Customers: Amazon, Airbnb, Google.

Why they are a hot startup to watch: The company is profitable and is reportedly mulling a new funding round. In December 2019, Payoneer acquired a German payment company. 

Riskified

Year Founded: 2012

Funding: $229 million

Headquarters: Tel Aviv

CEO: Eido Gal

What they do: Riskified helps brick and mortar retailers transition to online shopping platforms. The company offers products that utilize machine learning algorithms and behavioral analytics to monitor payments and detect identity theft that leads to account takeovers.

Competitors include: Signifyd, Forter, Kount.

Customers: Macy's, Footlocker.

Why they are a hot startup to watch: Riskified raised $165 million in 2019 at a company valuation of more than $1 billion. The Israeli business newspaper Calcalist ranked Riskified the most promising Israeli startup in 2019.

Rapyd

Year Founded: 2015

Funding: $170 million

Headquarters: London

CEO: Arik Shtilman

What they do: Offers a so-called "fintech as a service" app allowing customers to accept payments and transfers, as well as payment disbursement and foreign payment exchanges. The app also offers compliance, verification and anti-money laundering services.

Competitors include: Ayden, PayPal, WorldPay, Stripe.

Why they are a hot startup to watch: With a unicorn valuation, Rapyd raised $160 million in 2019 over two funding rounds. Shtilman said the company is looking for acquisition.

Fundbox

Year Founded: 2013

Funding: $433 million

Headquarters: San Francisco

CEO: Eyal Shinar

What they do: Provides payment services and loans to small- and medium-size businesses to speed B2B payments and ease cash flow. Fundbox uses machine learning and data analytics to analyze businesses' creditworthiness.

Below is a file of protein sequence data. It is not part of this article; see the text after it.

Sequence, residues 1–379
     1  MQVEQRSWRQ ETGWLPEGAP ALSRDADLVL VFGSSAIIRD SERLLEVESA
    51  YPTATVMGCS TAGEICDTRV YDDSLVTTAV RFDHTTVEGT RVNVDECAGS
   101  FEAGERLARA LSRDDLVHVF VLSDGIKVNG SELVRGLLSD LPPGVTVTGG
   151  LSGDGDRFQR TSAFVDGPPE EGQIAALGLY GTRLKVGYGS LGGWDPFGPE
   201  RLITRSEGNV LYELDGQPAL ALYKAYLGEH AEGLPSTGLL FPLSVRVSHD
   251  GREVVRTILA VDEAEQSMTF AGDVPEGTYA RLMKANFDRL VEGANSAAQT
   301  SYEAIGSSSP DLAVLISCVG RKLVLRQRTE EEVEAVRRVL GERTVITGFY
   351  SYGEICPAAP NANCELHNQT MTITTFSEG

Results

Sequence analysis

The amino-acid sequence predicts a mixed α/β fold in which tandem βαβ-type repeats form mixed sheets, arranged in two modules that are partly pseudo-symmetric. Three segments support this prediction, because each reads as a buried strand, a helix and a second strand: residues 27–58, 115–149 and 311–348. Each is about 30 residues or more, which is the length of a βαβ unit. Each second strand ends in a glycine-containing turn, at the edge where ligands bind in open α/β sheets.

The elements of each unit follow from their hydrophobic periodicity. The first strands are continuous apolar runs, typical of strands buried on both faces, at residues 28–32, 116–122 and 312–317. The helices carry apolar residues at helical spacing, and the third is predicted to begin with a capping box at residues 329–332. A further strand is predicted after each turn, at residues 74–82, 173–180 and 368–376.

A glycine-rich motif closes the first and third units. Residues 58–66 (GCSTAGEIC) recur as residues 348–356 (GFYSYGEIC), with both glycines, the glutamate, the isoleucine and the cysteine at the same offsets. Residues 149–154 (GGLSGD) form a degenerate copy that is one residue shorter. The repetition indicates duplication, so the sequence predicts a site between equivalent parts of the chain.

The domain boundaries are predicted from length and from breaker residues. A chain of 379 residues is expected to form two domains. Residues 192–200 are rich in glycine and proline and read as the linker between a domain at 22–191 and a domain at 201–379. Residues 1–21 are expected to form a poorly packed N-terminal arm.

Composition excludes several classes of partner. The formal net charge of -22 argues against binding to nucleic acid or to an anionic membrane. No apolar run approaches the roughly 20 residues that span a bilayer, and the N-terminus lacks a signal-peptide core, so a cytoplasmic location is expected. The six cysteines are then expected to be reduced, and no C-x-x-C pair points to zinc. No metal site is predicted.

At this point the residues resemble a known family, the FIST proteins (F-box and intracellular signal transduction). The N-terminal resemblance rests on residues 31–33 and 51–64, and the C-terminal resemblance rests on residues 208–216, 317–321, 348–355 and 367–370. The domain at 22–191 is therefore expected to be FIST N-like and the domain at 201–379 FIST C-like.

Competitors include: Brex, Square.

Why they are a hot startup to watch: In 2019, the company raised $156 in venture funding and got another $150 million in credit.  The company counts the personal investment arm of Amazon founder Jeff Bezos as an investor.

BlueVine

Year Founded: 2013

Funding: $242 million

Headquarters: Redwood City, CA

CEO: Eyal Lifshitz

What they do: BlueVine offers financing and banking services to small- and medium-size businesses. BlueVine developed an online, cloud-based platform that offers cash advances on unpaid invoices and six to 12 month lines of credit.

Customers: 20,000 small business owners.

Competitors include: Kabbag, Mercury

Why they are a hot startup to watch: The company raised $102 million in a venture round in November. BlueVine's investors include the venture arms of Citibank and MFUG Bank, Japan's largest bank. The company also received $200 million in debt financing from Credit Suisse.

Pagaya Investments

Year Founded: 2016